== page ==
Re: "Opposing RCMP building now futile and costly," editorial, Jan. 12.
Very few would dispute the necessity of the RCMP to have suitable facilities in which to conduct their business. However, the issue here is more about the projected $39-million cost and the lack of a referendum.
Your editorial wrongly concludes that the small number of electors taking the time to submit a response form to oppose the borrowing of $13.8 million (not $39 million) somehow equates to "democracy's voice speaking loudly with its silence" and widespread acceptance of the project.
Simply put, the "alternative approval process" was used because it's a very successful method of achieving the desired result when it is known there is a lot of opposition and that a referendum would be risky.
It's commonly referred to as "negative billing," a term coined in the 1990s, I believe, when a certain Cable TV company chose to provide and bill customers for services that were not requested.
Fortunately, the courts supported consumers and put a stop to it.
Taxpayers, it seems, aren't so lucky.
In this case, our city council knew that very few electors would make the effort to fill out and submit the response form, especially when the form was not widely available and most people were either too busy preparing for Christmas or on vacation.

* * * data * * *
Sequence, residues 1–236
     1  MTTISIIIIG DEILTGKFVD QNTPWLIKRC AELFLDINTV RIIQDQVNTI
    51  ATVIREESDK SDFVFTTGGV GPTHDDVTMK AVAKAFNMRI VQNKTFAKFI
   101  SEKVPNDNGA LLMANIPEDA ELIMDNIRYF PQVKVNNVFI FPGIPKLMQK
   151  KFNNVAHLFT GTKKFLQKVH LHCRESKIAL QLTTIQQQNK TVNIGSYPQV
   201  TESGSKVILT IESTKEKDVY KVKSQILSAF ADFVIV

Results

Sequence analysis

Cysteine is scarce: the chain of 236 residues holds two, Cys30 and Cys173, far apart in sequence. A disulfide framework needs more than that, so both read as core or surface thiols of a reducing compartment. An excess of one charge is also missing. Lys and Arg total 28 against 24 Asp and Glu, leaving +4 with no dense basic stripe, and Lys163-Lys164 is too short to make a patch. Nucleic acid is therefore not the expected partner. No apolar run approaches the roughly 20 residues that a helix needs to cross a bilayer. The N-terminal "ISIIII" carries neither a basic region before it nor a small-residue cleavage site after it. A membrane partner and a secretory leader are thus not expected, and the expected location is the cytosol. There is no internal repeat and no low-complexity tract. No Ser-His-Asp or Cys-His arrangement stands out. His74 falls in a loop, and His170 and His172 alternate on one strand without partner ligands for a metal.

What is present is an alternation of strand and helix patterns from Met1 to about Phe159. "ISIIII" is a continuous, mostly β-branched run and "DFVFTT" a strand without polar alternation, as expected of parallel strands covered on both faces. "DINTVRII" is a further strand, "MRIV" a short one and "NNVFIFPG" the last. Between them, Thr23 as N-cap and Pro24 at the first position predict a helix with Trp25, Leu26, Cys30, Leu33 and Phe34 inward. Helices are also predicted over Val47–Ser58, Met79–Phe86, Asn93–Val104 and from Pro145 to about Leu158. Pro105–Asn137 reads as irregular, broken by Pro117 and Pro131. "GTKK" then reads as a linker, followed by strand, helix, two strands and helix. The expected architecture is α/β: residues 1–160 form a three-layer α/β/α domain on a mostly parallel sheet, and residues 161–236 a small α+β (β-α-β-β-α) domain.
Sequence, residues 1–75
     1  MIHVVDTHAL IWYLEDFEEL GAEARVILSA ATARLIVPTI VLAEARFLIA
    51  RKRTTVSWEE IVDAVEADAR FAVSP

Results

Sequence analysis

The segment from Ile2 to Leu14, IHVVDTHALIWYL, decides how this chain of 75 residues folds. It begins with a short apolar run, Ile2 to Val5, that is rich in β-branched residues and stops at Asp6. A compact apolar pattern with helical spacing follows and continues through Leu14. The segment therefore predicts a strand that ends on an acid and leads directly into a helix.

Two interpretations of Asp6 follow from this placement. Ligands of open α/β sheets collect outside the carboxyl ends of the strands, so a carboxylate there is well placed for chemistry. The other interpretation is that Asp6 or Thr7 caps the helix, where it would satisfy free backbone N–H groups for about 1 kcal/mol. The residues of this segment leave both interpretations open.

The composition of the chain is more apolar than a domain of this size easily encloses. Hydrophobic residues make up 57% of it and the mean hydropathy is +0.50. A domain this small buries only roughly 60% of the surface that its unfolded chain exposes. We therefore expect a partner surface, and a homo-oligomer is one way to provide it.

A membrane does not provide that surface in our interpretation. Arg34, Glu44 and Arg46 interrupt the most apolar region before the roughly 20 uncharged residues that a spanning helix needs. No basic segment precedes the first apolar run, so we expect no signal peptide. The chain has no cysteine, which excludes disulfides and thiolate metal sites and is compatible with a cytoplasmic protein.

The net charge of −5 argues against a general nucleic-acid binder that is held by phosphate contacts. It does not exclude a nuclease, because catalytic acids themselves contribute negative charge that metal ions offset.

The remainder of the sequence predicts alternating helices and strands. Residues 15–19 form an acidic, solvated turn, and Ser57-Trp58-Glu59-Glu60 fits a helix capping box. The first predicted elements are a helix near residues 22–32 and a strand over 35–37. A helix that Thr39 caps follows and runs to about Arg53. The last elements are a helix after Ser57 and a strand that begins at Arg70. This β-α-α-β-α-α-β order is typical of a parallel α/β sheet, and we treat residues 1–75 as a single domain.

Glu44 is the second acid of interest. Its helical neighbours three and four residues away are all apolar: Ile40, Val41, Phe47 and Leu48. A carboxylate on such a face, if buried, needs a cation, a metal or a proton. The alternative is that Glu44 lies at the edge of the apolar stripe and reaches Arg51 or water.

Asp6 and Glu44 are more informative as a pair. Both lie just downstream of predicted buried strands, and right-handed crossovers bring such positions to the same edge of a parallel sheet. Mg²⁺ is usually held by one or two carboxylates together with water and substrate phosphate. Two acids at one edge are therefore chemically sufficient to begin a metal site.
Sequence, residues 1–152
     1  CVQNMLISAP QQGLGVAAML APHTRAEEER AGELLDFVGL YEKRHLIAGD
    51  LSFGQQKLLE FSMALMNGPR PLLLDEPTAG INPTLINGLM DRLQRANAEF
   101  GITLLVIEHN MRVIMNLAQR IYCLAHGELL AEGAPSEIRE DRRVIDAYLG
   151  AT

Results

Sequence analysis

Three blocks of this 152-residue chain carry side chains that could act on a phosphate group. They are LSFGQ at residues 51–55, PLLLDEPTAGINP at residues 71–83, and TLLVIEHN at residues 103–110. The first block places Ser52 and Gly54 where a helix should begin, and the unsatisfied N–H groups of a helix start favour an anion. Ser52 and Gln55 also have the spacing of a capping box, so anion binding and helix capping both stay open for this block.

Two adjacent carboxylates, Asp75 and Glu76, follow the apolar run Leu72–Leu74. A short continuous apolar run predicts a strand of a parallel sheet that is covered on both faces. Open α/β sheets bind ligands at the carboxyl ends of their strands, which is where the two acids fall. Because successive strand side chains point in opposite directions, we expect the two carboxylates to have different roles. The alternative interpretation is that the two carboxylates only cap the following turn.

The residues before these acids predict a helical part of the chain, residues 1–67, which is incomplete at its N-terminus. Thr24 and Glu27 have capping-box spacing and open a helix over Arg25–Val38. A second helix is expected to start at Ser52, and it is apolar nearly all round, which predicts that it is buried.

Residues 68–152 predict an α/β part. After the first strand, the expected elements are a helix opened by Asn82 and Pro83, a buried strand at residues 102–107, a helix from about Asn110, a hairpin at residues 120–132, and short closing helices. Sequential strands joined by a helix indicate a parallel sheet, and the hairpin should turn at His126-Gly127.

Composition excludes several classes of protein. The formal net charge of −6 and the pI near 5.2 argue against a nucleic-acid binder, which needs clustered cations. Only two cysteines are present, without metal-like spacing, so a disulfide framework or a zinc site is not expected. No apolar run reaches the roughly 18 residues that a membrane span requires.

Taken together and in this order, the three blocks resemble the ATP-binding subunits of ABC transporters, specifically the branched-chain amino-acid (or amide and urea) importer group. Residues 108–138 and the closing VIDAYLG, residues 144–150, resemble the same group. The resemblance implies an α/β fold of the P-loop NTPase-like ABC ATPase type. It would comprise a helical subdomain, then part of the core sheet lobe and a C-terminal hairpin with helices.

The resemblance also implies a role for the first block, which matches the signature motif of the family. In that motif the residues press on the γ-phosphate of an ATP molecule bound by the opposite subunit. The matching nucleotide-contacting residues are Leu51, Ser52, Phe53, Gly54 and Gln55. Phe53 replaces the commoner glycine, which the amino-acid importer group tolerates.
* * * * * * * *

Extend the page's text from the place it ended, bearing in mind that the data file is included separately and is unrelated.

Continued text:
The result was predictable and Prince George taxpayers will undoubtedly see this method used again to ram through expensive projects which might very well be opposed by the majority.
As I recall, Mayor Dan Rogers used the word "change" during his election campaign, giving the impression that he might put an end to the excessive tax, borrow and spending policies of previous councils, which have created a lot of debt for the city.
It appears that he has either forgotten why he was elected, or has fallen victim to the big spenders that surround him. Fortunately, next year there will be a civic election where Mr. Rogers will have to defend his record.
Perhaps that "approval process" will result in the election of an "alternative" mayor.
If re-elected though, then by all means let construction begin and the questionable approval process continue.